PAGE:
Former Michigan Review writer and editor and current employee of the Collegiate Network James Justin Wilson has written me a “letter to the editor” arguing that the supreme court’s Southworth case means everything student governments do must be “viewpoint neutral.” I have argued that the case, which only applies to student group funding, doesn’t prohibit a student government from spending money that reflect political opinions. If you accept Wilson’s logic, MSA would have to dissolve the Environmental Issues Commission, the LBGT Affairs Commission, the Student Rights Commission, (they have a viewpoint!) as well as not lobby state government or administrators to keep tuition low. MSA wouldn’t be able to co-sponsor earth day events on the “coming out week” events held each year, lobby the administration on The Code, or actually do anything except for allocate funding. If Mr. Wilson thinks his legal interpretation is correct, he should bring a lawsuit against the student government of nearly all the public universities in the country.

“Yesterday’s MSA allocation of more than $5,000 for students to travel to a choice event was irresponsible for two independent reasons.

First, never in MSA’s recent history has it spent so much money on so few students for such a partisan purpose. For the students traveling to the event, it’s nearly a 1000% return on their investment (mandatory student fees). If for no other reason than fiduciary responsibility, MSA was wrong to spend so much on so few. Furthermore, this criticism is completely
independent of my political views. I’d be just as angry if MSA gave YAF $5,000 for a lecture that only 200 people could attend.

Second, MSA is not an elected representative body, it is a 501c3 nonprofit organization whose board of directors is elected by its members (the student body) and whose funding is obtained through a government grant (a tax levied on tuition to a state institution). Like any other 501c3 that receives state money, it cannot discriminate for a number of factors. But discrimination is not the lynch pin to the funding fiasco.

Political speech, particularly in the academy, is held to the highest level of judicial scrutiny. Your interpretation of the pertinent cases is inaccurate and not based whether the money goes to a student group or not. To begin with, the controlling decision in this instance is Wisconsin v. Southworth, not Fry. In that decision the Supreme Court in a 9-0 decision held that student governments at state schools must, like any other institution that receives state funding, preserve a constitutes–in this case a student’s–freedom of speech. In that view, MSA is a body charge with fostering a discourse of ideas on campus not the dominant viewpoint.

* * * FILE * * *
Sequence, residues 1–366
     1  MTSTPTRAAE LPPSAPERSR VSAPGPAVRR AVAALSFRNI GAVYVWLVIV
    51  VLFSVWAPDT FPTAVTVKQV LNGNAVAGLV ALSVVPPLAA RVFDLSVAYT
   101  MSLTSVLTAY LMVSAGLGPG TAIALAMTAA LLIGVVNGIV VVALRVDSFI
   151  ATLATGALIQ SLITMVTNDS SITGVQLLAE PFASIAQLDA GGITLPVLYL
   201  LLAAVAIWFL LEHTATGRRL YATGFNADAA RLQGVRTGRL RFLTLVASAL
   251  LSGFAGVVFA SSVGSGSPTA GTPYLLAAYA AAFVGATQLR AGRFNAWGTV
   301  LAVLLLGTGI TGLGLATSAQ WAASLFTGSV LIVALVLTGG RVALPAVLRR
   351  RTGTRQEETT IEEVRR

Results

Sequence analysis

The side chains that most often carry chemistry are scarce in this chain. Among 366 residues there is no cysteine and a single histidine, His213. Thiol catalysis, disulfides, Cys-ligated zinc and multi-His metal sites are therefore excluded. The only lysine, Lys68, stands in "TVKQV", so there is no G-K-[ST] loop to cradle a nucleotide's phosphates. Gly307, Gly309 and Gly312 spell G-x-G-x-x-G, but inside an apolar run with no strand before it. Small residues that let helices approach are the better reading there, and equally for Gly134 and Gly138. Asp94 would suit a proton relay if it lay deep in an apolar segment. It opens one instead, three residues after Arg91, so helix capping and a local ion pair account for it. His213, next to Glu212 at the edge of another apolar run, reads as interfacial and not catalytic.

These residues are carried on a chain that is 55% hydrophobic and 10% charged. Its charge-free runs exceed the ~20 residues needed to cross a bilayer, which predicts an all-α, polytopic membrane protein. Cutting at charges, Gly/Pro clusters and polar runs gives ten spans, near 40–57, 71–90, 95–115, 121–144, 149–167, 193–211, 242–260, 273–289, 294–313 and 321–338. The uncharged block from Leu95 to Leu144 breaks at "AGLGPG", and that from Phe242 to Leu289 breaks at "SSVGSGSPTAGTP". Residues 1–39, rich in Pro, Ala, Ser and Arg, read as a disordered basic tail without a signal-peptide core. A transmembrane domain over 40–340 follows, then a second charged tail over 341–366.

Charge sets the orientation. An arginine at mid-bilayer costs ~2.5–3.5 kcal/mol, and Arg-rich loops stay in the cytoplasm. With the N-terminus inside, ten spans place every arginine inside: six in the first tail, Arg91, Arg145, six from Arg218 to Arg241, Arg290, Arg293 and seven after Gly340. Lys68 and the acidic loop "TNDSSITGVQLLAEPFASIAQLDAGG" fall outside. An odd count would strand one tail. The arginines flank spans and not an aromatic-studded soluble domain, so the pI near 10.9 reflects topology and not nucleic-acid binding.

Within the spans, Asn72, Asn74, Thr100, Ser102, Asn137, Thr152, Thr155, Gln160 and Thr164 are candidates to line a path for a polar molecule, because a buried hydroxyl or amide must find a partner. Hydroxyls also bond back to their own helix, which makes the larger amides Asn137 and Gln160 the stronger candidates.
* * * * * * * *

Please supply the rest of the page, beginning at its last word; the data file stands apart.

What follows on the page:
According to the University’s own Fundamental Tenants of Membership in the University Community, “Because the search for knowledge is our most fundamental purpose, the University has an especially strong commitment to preserve and protect freedom of thought and expression. Reasoned dissent plays a vital role in the search for truth; and academic freedom, including, the right to express unpopular views. is a cherished tradition of universities everywhere. All members of the University have the right to express their own views and hear the views of others expressed, but they must also take responsibility for according the same rights to others.”

Considering that and the ruling in Southworth, MSA has a responsibility to preserve the speech of all students at Michigan, even those who posses what it deems to be an “unpopular views.” This is to say that your “analysis” of Fry, which is not the controlling ruling in this instance, is wrong to assume that the tenant of viewpoint neutrality only applies to student groups. Such an argument is found nowhere within the ruling, nor in the resulting jurisprudence.

Consider a hypothetical. Imagine if a city government allowed the Republican party to hold a convention at the town’s central park, but told the Democratic party to go elsewhere. In this case, the city is not acting in a viewpoint neutral way, and as such, stifling the DNC’s ability to speak. The same would be true if the city gave unequal funding to electoral candidates.

Now, consider that within the context of the March for Women. Here is a situation where MSA is paying for students to go to a pro-choice event, but as you explain, it should send any to a pro-life event. This is equivalent to sending students, be they Democrats of Republicans, to the Democratic National Convention, but refusing to send any to the RNC.

As the Supreme court found in the seminal case Buckley v. Velao, money is one of the most fundamental forms of speech (think: “money talks”). More importantly, freedom of speech implies the necessity of being heard. In this case, Michigan is favoring one viewpoint by giving money to students to attend a rally (which is, in itself, a form of political speech).

To bring this full circle, what MSA did last night was favor one viewpoint over another. But as an organization that accepts state money and as a member of the University community, MSA cannot legally fund such a non-neutral event. …

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Author: Rob